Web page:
Captain Benjamin Franklin "Hawkeye" Pierce
Corporal Walter Eugene "Radar" O'Reilly (Season 1-8)
Colonel Sherman T. Potter (Season 4-11)
Corporal/Sergeant Maxwell Q. Klinger
Major Franklin Delano Marion Burns (Season 1-5)
Captain BJ Hunnicut (Season 4-11)
This just may a sequencing problem, but when Klinger says hi to all his buddies back home, he seemed as if he wasn't aware that people back in "the States" could see and hear his comments up to that point. But, earlier in the episode, when he talks about being bored and wishing something would happen to him, he makes a nod to his then-wife. He seemed pretty aware that he could be seen and heard then.
During his interview, Col. Potter (Harry Morgan) mentions former silent film star Francis X. Bushman. In real life, Morgan is married to Barbara Bushman, his granddaughter.
Clete Roberts: Is there anybody back home you'd like to say hello to? They'll see it.
Col. Potter: There is, but...I just don't think that's dignified, so...uh...I won't do it.
Clete Roberts: Do you see anything good coming from this war?
Hawkeye: Yeah, me...alive. That would be nice.
Father Mulchay: When the doctors cut into a patient and it's cold, the way it is now today...steam rises from the body...and the doctor will---will warm himself over the open wound. (takes a deep breath) Could anyone look on that and not feel changed?
(Clete Roberts asks Colonel Potter who his favorite hero is.)
Potter: My great hero would be Abraham Lincoln, I think. 'Cause I think in so many ways, he was the most interesting American that ever lived. He would have been a great doctor. Such a gentle man, had such compassion, such humor, and yet, there was a terrific toughness about him. He was a real fighter right up to the very end. He was of the common people and he never lost that. A man like Harry Truman is that kind of man---decent and earthy, forthright, honest, not a buck-passer. Men like Lincoln and Truman, if they had an assignment, by God, they did it! They didn't assume---people are so inclined to do these days---sort of weasel a decision. They looked at the problem, acted and took the responsibility for it.
(Frank Burns is commenting to Clete Roberts on the problems at the 4077th)
Burns: The almost-criminal lack of discipline and respect.
Roberts: But, isn't that too much to expect from doctors in a combat zone?
Burns: I don't see anything wrong with expecting doctors to behave patriotically.
Roberts: But, doesn't patriotism have to come from the heart?
Burns: I don't have that problem.
Roberts: Would you give up medicine?
Frank: Some people think I could be more useful if I did.
Roberts: How would you describe yourself? Are you a Captain in the US Army Reserve or are you a civilian in uniform?
BJ: I'm a temporarily mis-assigned civilian.
Hawkeye: A war is like when it rains in New York and everybody crowds into doorways, ya know? And they all get chummy together. Perfect strangers. The only difference, of course, is in a war it's also raining on the other side of the street, and the people who are chummy over there are trying to kill the people who are over here who are chums.
Radar: Can you say latrine on television?
Klinger: I think it's the most stupidest thing in the world. You call it a police action back home, right? Over here it's a war. A 'police action' sounds like we're over here arresting people, handing out parking tickets. War is just killing, that's all.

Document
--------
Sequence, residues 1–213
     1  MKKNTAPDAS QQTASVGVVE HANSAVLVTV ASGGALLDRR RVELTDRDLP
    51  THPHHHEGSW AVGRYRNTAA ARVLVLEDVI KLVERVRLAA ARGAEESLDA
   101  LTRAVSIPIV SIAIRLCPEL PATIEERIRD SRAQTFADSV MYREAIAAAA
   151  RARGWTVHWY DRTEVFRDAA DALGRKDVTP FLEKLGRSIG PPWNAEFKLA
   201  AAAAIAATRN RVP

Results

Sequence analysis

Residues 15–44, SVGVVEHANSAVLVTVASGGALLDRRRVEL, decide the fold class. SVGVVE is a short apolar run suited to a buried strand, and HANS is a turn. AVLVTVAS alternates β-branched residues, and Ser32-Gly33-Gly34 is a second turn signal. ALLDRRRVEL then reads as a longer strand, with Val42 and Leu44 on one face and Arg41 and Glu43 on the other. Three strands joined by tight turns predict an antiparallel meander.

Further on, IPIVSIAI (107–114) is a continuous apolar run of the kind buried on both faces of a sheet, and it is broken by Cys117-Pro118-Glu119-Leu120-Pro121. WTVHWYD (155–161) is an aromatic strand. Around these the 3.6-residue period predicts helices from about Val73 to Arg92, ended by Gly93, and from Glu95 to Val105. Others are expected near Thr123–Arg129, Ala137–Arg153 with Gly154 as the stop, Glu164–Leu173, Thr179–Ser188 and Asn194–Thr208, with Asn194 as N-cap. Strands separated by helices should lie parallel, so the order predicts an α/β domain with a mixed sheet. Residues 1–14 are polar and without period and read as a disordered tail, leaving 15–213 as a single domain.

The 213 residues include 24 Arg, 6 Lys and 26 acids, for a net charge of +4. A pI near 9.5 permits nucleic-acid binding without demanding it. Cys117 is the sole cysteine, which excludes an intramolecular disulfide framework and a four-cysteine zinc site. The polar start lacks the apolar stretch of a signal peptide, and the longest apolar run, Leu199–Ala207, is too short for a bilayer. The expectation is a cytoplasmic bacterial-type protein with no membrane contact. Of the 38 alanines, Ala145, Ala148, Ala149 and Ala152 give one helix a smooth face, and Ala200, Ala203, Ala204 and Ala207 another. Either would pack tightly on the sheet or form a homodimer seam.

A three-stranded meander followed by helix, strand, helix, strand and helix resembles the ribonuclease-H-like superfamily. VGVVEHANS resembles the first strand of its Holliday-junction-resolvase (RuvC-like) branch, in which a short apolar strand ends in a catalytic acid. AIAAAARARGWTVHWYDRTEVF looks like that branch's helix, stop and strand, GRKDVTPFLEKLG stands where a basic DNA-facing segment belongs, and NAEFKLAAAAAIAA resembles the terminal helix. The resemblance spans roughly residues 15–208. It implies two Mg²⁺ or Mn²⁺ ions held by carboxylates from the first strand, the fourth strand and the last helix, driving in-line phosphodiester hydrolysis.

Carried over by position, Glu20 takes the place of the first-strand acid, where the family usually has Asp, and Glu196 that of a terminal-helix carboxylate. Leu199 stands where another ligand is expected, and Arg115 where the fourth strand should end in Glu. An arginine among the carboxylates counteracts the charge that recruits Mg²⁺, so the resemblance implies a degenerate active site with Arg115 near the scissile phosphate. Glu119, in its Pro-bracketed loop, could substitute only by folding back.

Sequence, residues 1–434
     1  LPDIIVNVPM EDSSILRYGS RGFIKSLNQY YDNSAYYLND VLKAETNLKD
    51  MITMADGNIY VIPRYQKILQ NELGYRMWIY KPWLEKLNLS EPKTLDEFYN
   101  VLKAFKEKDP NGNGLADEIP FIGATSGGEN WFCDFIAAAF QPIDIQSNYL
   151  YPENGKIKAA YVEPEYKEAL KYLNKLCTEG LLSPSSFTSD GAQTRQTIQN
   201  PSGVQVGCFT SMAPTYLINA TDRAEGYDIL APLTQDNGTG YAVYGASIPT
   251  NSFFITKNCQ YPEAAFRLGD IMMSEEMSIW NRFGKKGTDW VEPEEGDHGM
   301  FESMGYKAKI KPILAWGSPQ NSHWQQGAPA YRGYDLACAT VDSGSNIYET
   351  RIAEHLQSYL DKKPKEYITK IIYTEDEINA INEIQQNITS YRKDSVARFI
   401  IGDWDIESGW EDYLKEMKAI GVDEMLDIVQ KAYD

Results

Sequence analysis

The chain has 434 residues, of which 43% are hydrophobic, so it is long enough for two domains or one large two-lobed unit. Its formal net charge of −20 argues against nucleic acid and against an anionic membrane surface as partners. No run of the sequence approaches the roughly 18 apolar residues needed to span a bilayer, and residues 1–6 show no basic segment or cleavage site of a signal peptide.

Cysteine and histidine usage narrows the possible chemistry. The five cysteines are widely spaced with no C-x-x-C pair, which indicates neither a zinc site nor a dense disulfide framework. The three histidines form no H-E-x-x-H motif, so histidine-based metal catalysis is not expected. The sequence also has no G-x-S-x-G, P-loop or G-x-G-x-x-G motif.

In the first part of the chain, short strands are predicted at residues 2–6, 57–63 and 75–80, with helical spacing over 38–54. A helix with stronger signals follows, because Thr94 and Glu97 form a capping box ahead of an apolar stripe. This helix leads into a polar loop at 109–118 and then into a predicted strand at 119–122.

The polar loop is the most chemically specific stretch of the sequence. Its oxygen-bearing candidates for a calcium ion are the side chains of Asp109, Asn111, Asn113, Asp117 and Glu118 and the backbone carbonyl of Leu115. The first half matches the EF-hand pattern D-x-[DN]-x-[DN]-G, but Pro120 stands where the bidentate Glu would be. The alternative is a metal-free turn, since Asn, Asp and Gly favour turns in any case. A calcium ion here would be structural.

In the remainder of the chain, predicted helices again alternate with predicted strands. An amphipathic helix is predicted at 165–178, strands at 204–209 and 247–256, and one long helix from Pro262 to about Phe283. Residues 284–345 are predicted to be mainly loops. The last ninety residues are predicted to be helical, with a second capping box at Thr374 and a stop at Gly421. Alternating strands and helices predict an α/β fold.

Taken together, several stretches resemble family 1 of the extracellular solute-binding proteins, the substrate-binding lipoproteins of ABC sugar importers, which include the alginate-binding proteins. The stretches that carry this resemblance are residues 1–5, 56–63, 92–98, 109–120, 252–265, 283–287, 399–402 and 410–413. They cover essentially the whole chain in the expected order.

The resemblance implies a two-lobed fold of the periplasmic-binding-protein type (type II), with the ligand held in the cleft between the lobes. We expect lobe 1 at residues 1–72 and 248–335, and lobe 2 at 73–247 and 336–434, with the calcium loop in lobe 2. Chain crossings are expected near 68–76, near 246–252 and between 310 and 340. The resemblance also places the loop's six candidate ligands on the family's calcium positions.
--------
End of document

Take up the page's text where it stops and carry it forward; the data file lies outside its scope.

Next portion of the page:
Hawkeye: I've seen so many people to whom...killing is a casual thing. I don't know how we manufacture people like that but it seems to me that we'll never run out of them.
Roberts: You've been here some time.
Hawkeye: Somewhere between some time and eternity.
Roberts: Is there anything from home that you brought over with you to set up for yourself? Creature comforts?
Hawkeye: I brought a book over.
Roberts: What book?
Hawkeye: The dictionary. I figure it's got all the other books in it. I like to read the dictionary.
Roberts: What do you feel was the most difficult thing you had to adjust to over here?
Hawkeye: I think it's that everything is painted green. The clothes are green, the food is green...except the vegetables, of course. The only thing that's not green is the blood...the blood is red. That's what you get the most of here.
On the M*A*S*H* 30th Anniversary Special Larry Gelbart indicated that he felt that Father Mulcahy's line about a surgeon warming himself over a patient's incision on a cold day (which was a quote from an actual Korean War surgeon) was the finest speech in any episode of M*A*S*H.
M*A*S*H received an Emmy nomination for Outstanding Comedy Series at the 1976 Emmy Awards. In addition, Alan Alda received an Emmy nomination for Outstanding Lead Actor in a Comedy Series. Also Gary Burghoff and Harry Morgan received nominations for Outstanding Supporting Actor in a Comedy Series and Loretta Swit received a nomination for Outstanding Supporting Actress in a Comedy Series.
This was Larry Gelbart's last episode with M*A*S*H. He had finally decided that there was little more he could add to the series.
Clete Roberts was a real journalist during The Korean War; he turns up again in Episode #T408, 'Our Finest Hour'(10/9/78).
This episode was scripted in reverse---the interviews were done spontaneously and segments were edited for use in the final product.
This was M*A*S*H's own inimitable way of response to the end of The Vietnam War.
Shown in black and white, except for the end credits, which are in color!
Margaret does not appear in this episode.
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